Europe 2005-2006 travel blog

Moe boarding the narrow gauge railcar in Mirandela

The Douro Valley with all the terraced vineyards for making Port wine

Porto with an old flat bottom boat in the foreground

The old flat bottomed boats used to bring the port wine down...

The old Ribeiro district in Porto - a UNESCO World Heritage Site

The lovely waterfall on the Tua River at the campsite - before...

The waterfall on the Tua River the next morning after the night...

Train travel has to be the most romantic of any mode of transportation! There are still several narrow gauge railway tours operating in Portugal and the one that is considered the most beautiful is from Mirandela in the northeast to Tua, 2 hours south. The train follows the (now raging and swollen) Tua River that is in a deep valley between two hills, terraced from top to bottom and planted in grapes or olive trees. How they harvest these crops when the hill plunges steeply down about 1000 feet is a mystery. We were delighted at the number stops we made at tiny railway stations in the middle of nowhere. There were no houses, or roads and no visible means to get across the river - yet people got off, or on, the train. We connected at Tua with the train to Porto that runs along the Douro River. This area from Tua toward Porto has been demarcated as the only place grapes for Port wine can be grown. In years gone by, all the young wine had to be floated down the river in barrels aboard flat bottomed boats to be aged and bottled in Porto.

Porto is a working town and despite the increase in tourism, has not been gentrified. What that means is that despite the riverside district of Ribeiro district being declared a UNESCO World Heritage Site, it is full of 5-6 storey buildings, many covered in corrugated iron, some with 4 stories derelict and the 5th occupied, narrow lanes, gypsies, and a feeling of noise and mayhem! We stayed in a small hotel right in the center of the city and were wakened by a rooster crowing at dawn from a roof top not more than three buildings away. We will have a strong memory of sitting in the sunshine on Sunday morning drinking Port wine in a little sidewalk café beside the Douro River and in front of all the warehouses that age and bottle the wine: Osborne, Sandeman, Croft, etc.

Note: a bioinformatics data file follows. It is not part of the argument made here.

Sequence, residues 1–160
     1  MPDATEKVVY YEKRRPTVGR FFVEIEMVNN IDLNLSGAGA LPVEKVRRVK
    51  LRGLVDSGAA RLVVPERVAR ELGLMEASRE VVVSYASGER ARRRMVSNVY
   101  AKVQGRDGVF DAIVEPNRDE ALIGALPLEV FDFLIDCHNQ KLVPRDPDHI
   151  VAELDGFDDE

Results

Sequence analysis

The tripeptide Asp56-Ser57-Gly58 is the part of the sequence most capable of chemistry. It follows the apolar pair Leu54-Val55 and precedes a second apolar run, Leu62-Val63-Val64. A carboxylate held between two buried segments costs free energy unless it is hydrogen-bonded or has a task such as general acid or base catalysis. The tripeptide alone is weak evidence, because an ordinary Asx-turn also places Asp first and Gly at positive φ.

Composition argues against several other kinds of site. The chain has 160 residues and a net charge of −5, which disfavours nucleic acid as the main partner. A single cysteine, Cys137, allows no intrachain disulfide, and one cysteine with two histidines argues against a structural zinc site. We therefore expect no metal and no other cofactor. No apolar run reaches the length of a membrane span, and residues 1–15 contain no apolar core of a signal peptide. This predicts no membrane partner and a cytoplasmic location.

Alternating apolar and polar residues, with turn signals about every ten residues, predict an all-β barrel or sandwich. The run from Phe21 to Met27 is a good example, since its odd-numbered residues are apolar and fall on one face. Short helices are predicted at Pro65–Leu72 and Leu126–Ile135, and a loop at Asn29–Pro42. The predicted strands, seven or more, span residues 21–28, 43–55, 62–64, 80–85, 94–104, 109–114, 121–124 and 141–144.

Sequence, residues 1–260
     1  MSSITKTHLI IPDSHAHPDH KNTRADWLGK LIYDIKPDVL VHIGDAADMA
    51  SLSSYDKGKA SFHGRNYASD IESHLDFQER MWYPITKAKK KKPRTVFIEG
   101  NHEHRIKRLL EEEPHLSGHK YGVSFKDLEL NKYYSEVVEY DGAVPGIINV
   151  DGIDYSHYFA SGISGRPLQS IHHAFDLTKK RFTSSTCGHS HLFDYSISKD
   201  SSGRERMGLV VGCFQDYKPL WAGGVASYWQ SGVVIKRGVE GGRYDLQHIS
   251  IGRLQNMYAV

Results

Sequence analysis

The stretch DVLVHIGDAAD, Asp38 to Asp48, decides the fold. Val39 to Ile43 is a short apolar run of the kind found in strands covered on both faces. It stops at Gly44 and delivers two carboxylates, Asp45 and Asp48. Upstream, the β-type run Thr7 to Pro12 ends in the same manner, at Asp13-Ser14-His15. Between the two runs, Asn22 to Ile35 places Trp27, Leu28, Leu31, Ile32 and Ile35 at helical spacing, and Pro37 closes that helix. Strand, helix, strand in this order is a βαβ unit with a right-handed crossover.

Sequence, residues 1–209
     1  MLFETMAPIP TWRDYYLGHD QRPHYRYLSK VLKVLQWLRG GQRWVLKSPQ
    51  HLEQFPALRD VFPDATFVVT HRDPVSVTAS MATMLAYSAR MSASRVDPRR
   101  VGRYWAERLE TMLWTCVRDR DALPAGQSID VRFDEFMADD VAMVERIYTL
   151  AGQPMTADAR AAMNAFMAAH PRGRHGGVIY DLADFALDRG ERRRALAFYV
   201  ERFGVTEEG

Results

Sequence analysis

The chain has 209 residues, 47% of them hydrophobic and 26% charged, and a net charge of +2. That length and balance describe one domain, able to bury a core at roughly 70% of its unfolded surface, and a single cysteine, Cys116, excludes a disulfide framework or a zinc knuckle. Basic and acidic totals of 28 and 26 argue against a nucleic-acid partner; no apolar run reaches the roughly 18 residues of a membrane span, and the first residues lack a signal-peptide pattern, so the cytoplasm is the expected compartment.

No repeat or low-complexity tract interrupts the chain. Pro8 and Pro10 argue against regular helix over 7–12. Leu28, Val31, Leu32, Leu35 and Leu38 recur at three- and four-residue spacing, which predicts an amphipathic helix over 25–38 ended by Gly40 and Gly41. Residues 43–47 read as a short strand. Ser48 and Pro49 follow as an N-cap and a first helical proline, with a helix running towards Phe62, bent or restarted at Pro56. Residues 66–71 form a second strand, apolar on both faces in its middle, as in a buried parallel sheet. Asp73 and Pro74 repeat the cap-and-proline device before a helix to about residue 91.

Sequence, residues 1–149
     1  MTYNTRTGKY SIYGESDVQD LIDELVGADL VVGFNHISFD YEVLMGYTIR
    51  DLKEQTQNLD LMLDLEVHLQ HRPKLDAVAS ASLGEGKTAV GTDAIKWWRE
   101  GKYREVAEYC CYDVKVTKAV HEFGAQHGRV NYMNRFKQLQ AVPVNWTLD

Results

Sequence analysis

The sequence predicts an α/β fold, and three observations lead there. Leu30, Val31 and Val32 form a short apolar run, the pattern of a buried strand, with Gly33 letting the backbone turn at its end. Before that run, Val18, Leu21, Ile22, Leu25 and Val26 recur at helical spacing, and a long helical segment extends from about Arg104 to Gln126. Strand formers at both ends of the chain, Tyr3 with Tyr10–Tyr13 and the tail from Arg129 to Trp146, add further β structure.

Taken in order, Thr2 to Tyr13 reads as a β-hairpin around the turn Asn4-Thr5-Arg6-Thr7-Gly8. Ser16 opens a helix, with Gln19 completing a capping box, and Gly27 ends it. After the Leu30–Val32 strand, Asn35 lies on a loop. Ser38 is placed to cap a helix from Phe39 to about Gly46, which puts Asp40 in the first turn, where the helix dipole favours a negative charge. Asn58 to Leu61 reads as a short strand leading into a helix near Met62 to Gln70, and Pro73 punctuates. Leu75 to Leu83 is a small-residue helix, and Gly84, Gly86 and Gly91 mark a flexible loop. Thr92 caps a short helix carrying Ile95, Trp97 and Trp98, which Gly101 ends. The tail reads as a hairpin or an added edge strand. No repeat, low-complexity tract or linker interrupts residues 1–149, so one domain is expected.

We have had a tremendous amount of rain for the past few weeks - the drought in Portugal MUST be over by now. The upside is that we have been told Portugal has never been greener nor have the Spring flowers been as prolific - a bonus for us. We did have a couple of uneasy days as the Tua River rose dramatically behind us at the campsite - but we did not have to be evacuated.

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